When the focus then turns to Ilmarinen, the Smith is given apparently impossible tasks to fulfil, consonant with the international folklore motif of the wooing of the 'Giant's Daughter' or the 'Magician's Daughter' also contained in the medieval Welsh tale of Culhwch's wooing of Olwen. But it is not, as there, the father that sets the tasks but the mother, The Mistress of Northland, and it is now Ilmarinen who must travel to Tuonela to fulfil one of these tasks. Having done so the narrative continues to treat the wedding and subsequent events as if they are the domestic arrangements of ordinary humans, incorporating elements of the folklore wisdom of rural life in Finland. This shifting of the signifier backwards and forwards from mundane through heroic to divine activities occurs quite naturally as the narrative progresses and Bosley’s verse translation (using a short seven-syllable line as a base, but varying from five to nine syllables where required) is always fully engaged with these shifts of significance and evocative in its expression of them at all levels.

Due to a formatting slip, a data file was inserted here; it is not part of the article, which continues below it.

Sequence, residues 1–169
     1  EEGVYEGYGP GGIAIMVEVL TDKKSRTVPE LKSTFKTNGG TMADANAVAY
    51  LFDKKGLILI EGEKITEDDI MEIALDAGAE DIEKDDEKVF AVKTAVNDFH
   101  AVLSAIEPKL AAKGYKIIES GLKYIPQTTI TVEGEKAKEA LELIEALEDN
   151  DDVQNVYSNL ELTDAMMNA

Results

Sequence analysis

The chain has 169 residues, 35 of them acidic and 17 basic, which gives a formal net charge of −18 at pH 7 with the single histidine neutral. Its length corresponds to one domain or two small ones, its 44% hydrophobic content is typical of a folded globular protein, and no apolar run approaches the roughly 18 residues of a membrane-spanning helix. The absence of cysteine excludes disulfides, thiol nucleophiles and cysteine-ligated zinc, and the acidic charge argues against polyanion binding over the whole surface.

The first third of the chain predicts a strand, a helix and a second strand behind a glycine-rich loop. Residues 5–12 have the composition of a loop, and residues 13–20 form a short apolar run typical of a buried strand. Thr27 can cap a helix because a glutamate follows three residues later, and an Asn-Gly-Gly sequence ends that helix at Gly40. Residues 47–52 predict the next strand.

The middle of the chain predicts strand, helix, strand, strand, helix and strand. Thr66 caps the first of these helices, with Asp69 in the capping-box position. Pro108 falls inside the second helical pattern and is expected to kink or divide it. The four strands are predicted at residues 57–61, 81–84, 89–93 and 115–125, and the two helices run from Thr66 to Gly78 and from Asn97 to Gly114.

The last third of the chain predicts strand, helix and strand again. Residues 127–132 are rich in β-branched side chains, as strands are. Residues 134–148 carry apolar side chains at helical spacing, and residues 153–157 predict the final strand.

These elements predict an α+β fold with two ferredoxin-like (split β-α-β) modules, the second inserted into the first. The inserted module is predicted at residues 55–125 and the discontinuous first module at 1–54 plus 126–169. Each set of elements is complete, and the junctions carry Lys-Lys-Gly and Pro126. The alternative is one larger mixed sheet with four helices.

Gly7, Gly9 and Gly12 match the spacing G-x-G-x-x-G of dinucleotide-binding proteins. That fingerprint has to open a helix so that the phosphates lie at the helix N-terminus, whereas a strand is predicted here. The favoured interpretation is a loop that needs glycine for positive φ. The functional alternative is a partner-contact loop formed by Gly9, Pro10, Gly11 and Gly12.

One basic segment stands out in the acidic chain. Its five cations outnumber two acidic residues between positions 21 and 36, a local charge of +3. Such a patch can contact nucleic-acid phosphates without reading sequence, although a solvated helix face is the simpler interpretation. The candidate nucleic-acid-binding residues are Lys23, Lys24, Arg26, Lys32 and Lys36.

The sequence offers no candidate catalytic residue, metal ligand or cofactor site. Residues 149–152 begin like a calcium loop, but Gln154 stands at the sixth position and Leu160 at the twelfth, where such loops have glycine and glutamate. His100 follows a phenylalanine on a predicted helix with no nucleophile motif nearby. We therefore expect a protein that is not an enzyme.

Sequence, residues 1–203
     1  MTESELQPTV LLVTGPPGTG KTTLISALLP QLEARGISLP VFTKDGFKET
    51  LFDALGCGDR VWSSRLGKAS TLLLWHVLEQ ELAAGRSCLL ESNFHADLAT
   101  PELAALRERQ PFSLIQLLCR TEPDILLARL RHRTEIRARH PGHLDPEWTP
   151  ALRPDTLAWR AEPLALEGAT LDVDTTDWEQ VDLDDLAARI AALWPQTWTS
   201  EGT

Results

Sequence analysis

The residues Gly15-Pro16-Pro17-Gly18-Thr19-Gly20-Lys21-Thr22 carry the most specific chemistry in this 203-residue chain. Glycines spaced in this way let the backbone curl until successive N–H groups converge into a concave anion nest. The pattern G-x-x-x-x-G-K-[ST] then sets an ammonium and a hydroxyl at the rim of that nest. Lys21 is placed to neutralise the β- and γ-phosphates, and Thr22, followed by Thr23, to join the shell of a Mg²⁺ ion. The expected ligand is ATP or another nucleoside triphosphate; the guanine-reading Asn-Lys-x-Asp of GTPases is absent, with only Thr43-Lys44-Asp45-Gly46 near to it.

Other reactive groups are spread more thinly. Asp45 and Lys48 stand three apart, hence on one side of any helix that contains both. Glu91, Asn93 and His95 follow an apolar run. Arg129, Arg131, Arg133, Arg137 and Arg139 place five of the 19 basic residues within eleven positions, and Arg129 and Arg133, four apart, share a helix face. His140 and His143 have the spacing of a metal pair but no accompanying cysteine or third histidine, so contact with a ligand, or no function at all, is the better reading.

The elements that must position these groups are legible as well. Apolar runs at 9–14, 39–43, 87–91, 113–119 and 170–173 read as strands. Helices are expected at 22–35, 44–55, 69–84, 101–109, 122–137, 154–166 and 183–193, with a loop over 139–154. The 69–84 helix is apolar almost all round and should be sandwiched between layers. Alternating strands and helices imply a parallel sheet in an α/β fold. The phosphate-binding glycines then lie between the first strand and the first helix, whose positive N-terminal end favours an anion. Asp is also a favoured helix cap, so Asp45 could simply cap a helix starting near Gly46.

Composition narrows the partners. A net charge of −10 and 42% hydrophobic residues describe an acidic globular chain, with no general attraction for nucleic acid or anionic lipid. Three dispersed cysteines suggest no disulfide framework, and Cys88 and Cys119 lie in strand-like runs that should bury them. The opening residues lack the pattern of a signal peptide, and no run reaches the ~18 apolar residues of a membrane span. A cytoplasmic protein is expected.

In Väinämöinen’s bardic prowess and his claims to having been present at the Creation, there are echoes of Taliesin’s boasts, but also hints as to the possible origin of his bardic identity as a divine figure. Similarly, in his journeys to the Netherworld to get what he wants, in particular to regain words and songs that “should not be hidden” we might also think of the claims of Taliesin or other bards for the source of the Awen. If Arthur and his warriors raid Annwn for loot, Taliesin might have had other ideas about what the cauldron would yield, and it is no coincidence that he is also present at the other cauldron quest to Ireland related in the Second Mabinogi. As for raids on the Otherworld, The Kalevala has a raid on what appears to be Lapland in the North to capture a mysterious object called the Sampo which The Mistress of Northland has hidden in a mountain. Northland, or Lapland, seems to function here both as a rival territory and as an Otherworld location, but separate from Tuonela, the Netherworld. This parallels the way that ‘Lochlann’ in Irish stories can variously function as a name for Orkney, Scandinavia or as an Otherworld place, or as the ‘Old North’ in Welsh tales is often a location for Otherworld encounters. Similarly the expedition to Ireland in the Second Mabinogi in some ways parallels the raid on the Otherworld in ‘Preiddeu Annwn’ in The Book of Taliesin. But The Kalevala raid is not entirely an attempt to loot someone else’s treasure as one of the raiders is Ilmarinen who, earlier in the cycle, had created the Sampo in exchange for being able to woo the daughter of The Mistress of Northland, though she at that time rejected his advances. Here, again, Väinämöinen and Ilmarinen seek to free what has been hidden, regaining an object removed from the world that should have a use in the world.